Mass evacuations in northern Sonoma County affected winemakers alongside other residents as firefighters battled to protect lives and property by containing the Kincade fire in the Geyserville area at the end of October.
Soda Rock Winery has described the ‘tremendous heartbreak’ of losing its winery building in Alexander Valley, northeast of Healdsburg, although all staff members were safe and much of its wine stocks were stored elsewhere.
While the immediate concern was naturally the safety of people and communities, as 93mph winds fanned flames at what witnesses described as an alarmingly fast pace, many Sonoma wineries have also been keen to put the situation in context.
‘Everybody is back open,’ said Michael Haney, executive director of Sonoma County Vintners.
Loss of visitors is now one of the main concerns in a wine region that counts tourism as a big part of its business.
Haney was elsewhere in the US when the fire started. ‘I saw the perceptions of people,’ he said. ‘The evacuation zone was huge, and rightly so, but people saw that.’
Jordan Winery, which had a near-miss in the Kincade fire, said this week that less than 7% of Sonoma County was scorched by the fire and that two out of 50 Alexander Valley wineries were destroyed.
‘Our local restaurants, hotels, wineries and shops need tourists to return,’ it said.
Haney said that 95% of grapes in the area had already been harvested, which he believes bodes well for a 2019 vintage that had enjoyed almost picture-perfect growing season in many cases.
‘We’re working hard to tell everybody that things are fine,’ said Haney.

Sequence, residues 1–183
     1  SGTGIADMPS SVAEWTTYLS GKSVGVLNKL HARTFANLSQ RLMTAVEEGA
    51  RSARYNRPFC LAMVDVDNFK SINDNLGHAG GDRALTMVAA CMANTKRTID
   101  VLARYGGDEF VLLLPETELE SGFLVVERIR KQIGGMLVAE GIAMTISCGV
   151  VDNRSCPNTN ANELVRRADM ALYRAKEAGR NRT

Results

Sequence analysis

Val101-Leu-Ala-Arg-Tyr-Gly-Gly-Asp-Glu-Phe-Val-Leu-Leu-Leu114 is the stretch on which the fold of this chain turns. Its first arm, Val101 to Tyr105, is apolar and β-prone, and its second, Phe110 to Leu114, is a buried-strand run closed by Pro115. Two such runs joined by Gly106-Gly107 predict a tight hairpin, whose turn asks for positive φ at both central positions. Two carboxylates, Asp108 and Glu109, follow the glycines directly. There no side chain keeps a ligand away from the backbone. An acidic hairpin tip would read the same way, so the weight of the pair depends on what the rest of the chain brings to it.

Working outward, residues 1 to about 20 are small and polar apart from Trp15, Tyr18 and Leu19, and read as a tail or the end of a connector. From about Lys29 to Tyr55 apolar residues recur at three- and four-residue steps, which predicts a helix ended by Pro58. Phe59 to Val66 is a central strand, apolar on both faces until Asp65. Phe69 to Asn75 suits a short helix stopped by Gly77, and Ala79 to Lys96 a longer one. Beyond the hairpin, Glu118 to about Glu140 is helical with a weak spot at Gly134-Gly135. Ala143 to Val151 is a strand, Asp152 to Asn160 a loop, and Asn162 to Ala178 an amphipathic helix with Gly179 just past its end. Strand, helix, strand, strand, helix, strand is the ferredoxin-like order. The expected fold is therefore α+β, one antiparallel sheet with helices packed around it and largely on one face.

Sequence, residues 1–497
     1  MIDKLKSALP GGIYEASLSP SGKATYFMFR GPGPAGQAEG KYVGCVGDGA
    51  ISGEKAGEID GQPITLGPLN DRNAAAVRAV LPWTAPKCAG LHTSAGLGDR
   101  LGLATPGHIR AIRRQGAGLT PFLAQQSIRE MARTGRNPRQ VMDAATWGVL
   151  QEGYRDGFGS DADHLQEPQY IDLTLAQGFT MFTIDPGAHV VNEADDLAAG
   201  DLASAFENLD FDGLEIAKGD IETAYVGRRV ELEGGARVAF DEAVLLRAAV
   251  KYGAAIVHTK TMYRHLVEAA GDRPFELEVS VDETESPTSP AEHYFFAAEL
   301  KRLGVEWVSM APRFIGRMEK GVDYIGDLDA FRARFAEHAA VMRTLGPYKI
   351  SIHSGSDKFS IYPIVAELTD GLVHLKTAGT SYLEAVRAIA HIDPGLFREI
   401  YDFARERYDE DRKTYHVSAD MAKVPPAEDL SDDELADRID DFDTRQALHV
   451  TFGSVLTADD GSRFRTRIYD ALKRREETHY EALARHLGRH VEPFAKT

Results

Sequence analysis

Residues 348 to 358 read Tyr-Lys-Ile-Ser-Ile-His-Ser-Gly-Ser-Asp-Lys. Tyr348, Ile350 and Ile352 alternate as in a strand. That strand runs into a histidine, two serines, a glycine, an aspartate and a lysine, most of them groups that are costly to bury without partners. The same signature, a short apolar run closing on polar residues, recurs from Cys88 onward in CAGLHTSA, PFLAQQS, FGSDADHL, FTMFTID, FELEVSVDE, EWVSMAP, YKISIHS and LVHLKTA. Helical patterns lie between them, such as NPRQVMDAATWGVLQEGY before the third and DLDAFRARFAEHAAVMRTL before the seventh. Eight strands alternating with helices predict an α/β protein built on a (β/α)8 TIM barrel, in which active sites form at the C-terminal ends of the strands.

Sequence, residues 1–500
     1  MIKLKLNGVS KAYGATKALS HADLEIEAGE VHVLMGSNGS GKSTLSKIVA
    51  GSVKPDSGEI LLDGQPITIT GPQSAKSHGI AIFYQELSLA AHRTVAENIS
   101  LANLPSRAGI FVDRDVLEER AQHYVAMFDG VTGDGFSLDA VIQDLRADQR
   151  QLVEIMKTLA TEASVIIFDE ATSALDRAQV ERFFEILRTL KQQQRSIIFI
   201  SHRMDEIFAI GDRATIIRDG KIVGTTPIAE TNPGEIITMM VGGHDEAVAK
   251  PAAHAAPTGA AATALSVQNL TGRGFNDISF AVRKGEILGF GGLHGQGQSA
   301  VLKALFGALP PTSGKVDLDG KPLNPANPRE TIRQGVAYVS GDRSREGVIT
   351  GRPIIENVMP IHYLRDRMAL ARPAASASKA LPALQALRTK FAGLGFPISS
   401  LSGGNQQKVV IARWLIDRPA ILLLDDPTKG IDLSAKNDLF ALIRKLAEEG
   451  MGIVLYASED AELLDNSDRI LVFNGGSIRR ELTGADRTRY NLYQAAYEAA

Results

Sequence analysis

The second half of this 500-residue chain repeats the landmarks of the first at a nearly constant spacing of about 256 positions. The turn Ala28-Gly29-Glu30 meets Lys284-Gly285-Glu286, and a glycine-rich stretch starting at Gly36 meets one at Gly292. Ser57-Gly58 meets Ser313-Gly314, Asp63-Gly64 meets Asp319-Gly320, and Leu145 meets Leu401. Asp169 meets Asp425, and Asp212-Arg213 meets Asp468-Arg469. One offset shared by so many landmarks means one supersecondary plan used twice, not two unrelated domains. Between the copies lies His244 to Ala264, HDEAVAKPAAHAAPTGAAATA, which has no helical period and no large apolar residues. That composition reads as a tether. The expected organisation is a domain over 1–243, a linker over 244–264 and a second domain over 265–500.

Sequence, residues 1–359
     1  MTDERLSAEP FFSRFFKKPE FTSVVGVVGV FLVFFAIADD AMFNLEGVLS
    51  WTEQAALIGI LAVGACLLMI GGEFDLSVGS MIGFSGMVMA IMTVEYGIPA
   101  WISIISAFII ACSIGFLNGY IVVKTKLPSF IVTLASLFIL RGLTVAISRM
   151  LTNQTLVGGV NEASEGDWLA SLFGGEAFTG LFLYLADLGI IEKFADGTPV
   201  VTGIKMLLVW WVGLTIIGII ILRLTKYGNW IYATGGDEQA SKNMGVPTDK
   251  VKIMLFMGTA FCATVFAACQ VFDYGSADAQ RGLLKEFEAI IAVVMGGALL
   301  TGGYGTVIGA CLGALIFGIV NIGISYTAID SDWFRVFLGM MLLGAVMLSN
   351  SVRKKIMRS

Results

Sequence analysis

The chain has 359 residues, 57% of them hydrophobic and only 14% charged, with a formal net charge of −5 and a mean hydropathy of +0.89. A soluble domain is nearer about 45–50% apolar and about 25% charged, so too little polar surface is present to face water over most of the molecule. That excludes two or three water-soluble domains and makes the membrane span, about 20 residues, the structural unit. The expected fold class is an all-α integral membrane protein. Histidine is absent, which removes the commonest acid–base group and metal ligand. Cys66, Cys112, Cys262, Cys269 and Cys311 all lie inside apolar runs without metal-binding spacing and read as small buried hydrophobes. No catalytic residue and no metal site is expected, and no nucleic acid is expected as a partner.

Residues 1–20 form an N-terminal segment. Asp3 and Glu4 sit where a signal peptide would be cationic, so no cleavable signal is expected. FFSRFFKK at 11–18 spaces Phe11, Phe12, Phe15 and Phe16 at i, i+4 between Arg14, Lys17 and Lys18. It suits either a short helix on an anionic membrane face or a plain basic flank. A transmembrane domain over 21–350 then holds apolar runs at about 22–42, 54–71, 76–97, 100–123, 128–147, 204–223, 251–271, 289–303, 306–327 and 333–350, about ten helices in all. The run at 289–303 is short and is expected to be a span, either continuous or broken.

But, there is also worry about the future.
Memories of the 2017 Tubbs fire, which claimed lives as well as thousands of homes, are still fresh in this part of northern California.
No one wants wildfires to become the new normal, but Haney said that ‘it’s a concern for people with two fires in three years’.
Climate change has not been an immediate debate for those affected by the Kincade fire, but ‘you will see that discussion coming up for sure’, Haney said.
He said that ‘big and small wineries are doing proactive things’ to deal with risk.
This has included buying back-up generators to deal with unplanned and planned power outages in the cellar.
Growing numbers are investigating solar energy and more producers have been developing communication strategies for staff and customers, Haney said.
Sonoma County Vintners has organised a free seminar on insurance policies for wineries – to take place next week. A particular concern has been ‘how to evaluate loss’, he said.
Wineries have also understood more about fire prevention.
‘Vineyards act as a firebreak,’ said Haney. ‘We’ve seen that from the air and from the ground – where a fire has gone right up to a vineyard and stopped.
‘Some winemakers put expensive equipment, such as tractors, in the middle of vineyards,’ said Haney.
Jordan Winery added, ‘The only vine damages reported from our grape growers were one newly planted hillside vineyard, which wasn’t old enough to survive a fire.’
However, one of the biggest factors in preventing damage has been the efforts of thousands of firefighters, including volunteers.
And many wineries from all over northern Sonoma County offered thanks and praise to fire crews.
Now, the best thing people can do to help is ‘buy the wines’, said Haney.